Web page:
“The maner of her Wyll, and what she left to London, and all those in it: at her departing”

Title“The maner of her Wyll, and what she left to London, and all those in it: at her departing”
Year for Search1573
AuthorsWhitney, Isabella (b. 1545?-78? fl. 1566–73)
Secondary TitleA sweet Nosegay, or Pleasant Posye: contayning a hundred and ten Phylosophicall Flowers
PaginationUnpaged
Date Published1573
PublisherR. Jones
Place PublishedLondon
KeywordsEnglish author, Female author
Annotation

The poem describes in detail a London that is prosperous, clean, and safe. The poem describes in detail a London that is prosperous, clean, and safe. 

Additional Publishers

Rpt. in The Floures of Philosophie (1572) by Hugh Plat and A Sweet Nosegay (1573) and The Copy of a Letter (1567) by Isabella Whitney (Delmar, NY: Scholars’ Facsimiles & Reprints, 1982), unpaged; in Michael David Felker, “The Poems of Isabella Whitney: A Critical Edition.” Dissertation. Texas Tech University, 1990: 99-112 with “Notes on the Poem” (160-68); and in Isabella Whitney, Mary Sidney and Aemilia Lanyer: Renaissance Women Poets. Ed. Danielle Clarke (London: Penguin Books, 2000), 19-28 with “Notes” (291-98). 

Holding Institutions

L, PSt

Author Note

Female author (b. 1545?-78? fl. 156673)

Full Text

1573 Whitney, Isabella (b. 1545?-78? fl. 156673). “The maner of her Wyll, and what she left to London, and all those in it: at her departing.” In her A sweet Nosegay, or Pleasant Posye: contayning a hundred and ten Phylosophicall Flowers (London: R. Jones, 1573), unpaged. Rpt. in The Floures of Philosophie (1572) by Hugh Plat and A Sweet Nosegay (1573) and The Copy of a Letter (1567) by Isabella Whitney (Delmar, NY: Scholars’ Facsimiles & Reprints, 1982), unpaged; in Michael David Felker, “The Poems of Isabella Whitney: A Critical Edition.” Dissertation. Texas Tech University, 1990: 99-112 with “Notes on the Poem” (160-68); and in Isabella Whitney, Mary Sidney and Aemilia Lanyer: Renaissance Women Poets. Ed. Danielle Clarke (London: Penguin Books, 2000), 19-28 with “Notes” (291-98). L, PSt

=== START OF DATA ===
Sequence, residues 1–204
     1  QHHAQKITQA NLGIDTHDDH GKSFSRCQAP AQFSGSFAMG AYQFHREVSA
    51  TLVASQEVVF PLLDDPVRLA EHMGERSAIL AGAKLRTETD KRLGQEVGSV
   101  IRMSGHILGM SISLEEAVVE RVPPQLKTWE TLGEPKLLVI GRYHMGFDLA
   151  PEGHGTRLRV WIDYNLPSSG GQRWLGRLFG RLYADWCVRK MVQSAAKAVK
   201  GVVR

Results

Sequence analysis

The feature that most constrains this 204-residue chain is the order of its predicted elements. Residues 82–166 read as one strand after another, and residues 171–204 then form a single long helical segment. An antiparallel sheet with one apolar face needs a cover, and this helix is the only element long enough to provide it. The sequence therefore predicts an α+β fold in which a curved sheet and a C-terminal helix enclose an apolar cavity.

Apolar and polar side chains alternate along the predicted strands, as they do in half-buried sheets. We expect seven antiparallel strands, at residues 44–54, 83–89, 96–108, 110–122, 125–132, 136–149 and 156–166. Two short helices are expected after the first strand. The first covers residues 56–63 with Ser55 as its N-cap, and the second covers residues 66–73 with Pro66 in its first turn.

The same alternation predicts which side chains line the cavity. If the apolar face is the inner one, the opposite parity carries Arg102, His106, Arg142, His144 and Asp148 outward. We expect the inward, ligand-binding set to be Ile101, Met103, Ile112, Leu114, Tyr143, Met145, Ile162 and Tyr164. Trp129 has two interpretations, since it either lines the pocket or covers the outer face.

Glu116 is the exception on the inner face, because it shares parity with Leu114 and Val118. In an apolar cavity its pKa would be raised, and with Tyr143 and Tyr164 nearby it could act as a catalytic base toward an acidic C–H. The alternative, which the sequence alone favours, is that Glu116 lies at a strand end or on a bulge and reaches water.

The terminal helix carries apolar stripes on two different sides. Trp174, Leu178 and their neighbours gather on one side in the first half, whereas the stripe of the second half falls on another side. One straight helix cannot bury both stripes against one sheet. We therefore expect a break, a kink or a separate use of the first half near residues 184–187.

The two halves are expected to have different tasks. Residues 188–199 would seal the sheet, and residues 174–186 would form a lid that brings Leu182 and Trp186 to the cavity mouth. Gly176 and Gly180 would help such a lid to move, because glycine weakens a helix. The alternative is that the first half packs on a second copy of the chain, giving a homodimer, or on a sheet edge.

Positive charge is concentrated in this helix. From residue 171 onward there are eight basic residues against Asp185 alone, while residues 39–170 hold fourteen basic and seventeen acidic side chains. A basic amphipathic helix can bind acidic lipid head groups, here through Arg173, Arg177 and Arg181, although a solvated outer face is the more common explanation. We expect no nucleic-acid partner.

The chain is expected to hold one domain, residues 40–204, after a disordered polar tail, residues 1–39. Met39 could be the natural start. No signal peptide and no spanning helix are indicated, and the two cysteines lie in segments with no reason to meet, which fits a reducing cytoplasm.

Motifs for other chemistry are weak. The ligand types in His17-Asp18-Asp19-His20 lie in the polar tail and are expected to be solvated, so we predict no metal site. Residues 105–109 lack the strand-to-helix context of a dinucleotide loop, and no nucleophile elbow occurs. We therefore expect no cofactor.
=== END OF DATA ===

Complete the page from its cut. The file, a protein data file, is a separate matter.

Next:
The poem describes in detail a London that is prosperous, clean, and safe. The author appears to be the first woman to have published a volume of original secular poetry in English and the first woman to publish a utopia in English.